When I was in college I studied for a summer in London. It was one of the best summers of my life filled with friends, theatre, and tons of adventure. Nearly every weekend I would get on a plane to see more of Europe and had some very memorable experiences along the way. One of the most memorable was my weekend in Lisbon, Portugal.
My parents had some good family friends that lived in Lisbon and they invited me to stay in their home for a long weekend. I got off the plane at the airport in Lisbon excited and nervous; immediately a few things were evident:
- Nobody was there to meet me as planned
- None of the signs in the airport were in English
- The people at the information desk smiled a lot but spoke little English
I went to the nearest pay phone, and called my host’s home and one of their maids answered the phone. Pretty clear trend by now, she did not speak English either.
After waiting for a while, I made a call to my parents for some advice. Should I get on the next plane back to London? How long should I hang out at the airport waiting for them to arrive? How well do they actually know these people?!
Here’s what I learned about myself and about leadership in the Lisbon airport:
I’m the Self-Centered Outsider
Hello! I only spoke English. I went there with the assumption that everyone speaks English. How often do new leaders walk into organizations and it’s as if they are speaking a foreign language? How many times have you joined a new team, started a new job or moved to a new town carrying all of your assumptions with you in a big suitcase. Unpacking those assumptions can take some time. In my case, my assumptions were dumped out on the floor and scattered to the wind in the first 15 minutes.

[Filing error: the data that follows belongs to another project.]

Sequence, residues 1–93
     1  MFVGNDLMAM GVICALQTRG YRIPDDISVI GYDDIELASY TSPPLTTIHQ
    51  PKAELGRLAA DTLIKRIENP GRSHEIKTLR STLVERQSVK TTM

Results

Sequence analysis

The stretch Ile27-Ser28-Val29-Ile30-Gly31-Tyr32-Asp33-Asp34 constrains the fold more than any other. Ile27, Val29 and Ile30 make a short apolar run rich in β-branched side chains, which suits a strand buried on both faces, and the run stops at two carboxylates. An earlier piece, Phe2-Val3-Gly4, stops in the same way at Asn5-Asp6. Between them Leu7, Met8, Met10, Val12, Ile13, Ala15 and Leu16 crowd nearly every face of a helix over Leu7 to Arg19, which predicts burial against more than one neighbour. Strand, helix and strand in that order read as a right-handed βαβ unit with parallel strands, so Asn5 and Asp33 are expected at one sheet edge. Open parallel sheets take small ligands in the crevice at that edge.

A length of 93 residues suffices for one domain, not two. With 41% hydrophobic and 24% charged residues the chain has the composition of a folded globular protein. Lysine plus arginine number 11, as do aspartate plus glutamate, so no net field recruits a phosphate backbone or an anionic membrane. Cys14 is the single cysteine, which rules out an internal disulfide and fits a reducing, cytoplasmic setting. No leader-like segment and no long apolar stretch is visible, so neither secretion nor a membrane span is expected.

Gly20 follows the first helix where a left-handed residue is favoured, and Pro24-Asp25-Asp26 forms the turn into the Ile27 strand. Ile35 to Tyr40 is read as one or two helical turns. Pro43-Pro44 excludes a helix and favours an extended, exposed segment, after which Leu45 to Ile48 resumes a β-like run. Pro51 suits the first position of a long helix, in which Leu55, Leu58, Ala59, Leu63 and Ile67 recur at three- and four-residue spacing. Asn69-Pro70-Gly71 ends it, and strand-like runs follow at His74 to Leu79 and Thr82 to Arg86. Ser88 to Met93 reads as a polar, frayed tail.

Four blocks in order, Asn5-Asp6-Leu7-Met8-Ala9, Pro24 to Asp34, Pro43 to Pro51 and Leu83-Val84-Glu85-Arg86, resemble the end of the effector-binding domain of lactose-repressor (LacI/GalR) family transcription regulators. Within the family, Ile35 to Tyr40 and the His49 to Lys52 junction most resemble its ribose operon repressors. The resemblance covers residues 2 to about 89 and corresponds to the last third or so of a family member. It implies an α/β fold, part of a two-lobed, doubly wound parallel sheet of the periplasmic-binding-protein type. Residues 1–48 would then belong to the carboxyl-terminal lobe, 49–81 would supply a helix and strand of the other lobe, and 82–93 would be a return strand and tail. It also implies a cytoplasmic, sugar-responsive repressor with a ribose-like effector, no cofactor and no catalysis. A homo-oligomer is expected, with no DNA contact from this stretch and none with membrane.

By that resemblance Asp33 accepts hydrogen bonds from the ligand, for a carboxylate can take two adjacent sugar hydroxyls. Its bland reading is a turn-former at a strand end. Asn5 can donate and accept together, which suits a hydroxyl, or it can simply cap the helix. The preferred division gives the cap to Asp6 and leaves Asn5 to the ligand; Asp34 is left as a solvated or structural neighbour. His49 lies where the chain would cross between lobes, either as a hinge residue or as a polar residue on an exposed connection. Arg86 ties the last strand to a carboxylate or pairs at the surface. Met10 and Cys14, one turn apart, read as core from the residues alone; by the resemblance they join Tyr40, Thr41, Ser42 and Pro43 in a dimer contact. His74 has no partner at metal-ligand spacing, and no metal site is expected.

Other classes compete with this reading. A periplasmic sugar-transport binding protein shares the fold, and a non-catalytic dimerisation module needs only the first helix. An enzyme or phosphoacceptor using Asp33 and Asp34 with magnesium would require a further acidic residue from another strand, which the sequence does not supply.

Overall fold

Instant Answers Aren’t Always Available
We didn’t have cell phones at the time; I couldn’t text anyone to see if they were on their way. I had to decide to hang in there or run based on hope, expectations, and relationships that were already in place. Today, we live in an insta-world. Decision making happens 24/7 and goes hand in hand with access to decision makers round the clock. You know that feeling when you decide that you’ll shoot off a text to get an immediate answer and it doesn’t come? You check your phone 20 times thinking you just heard the bing? It’s a sign: Decide for yourself with the information you have. We all have hearts, minds and guts; check in with them and you’ll find that you know what to do.
Embrace the Adventure, It’s Why You’re Here
I was really stressed out and started to feel the desire to run kick in big time. The illogical, stressed Alli started to make up stories: They’ve forgotten about me, I’m going to have to sleep at the airport, there is a strange person across the way sizing me up to steal my belongings, on and on. After I took a few deep breaths I remembered that if I wanted it to be just like home, I should have stayed home. I had to make the leap from my comfort zone to the adventure zone. In an adventure, even mistakes and missteps are a part of the journey and a part of our story.
“You choose: Adventure or stress. Embrace the adventure!” (Click to Tweet)
I wanted to run, but chose to hang in there. Just over two hours later, my host came rushing in and apologized for the mix up. We hopped in her car and I began to smile and breathe easily again. Maybe, sometime over drinks, I’ll tell you about when things really got crazy over the long weekend. Let’s just say, the adventure continued and I’m glad I was there to be a part of it.
When have you resisted the urge to run? What was the outcome?
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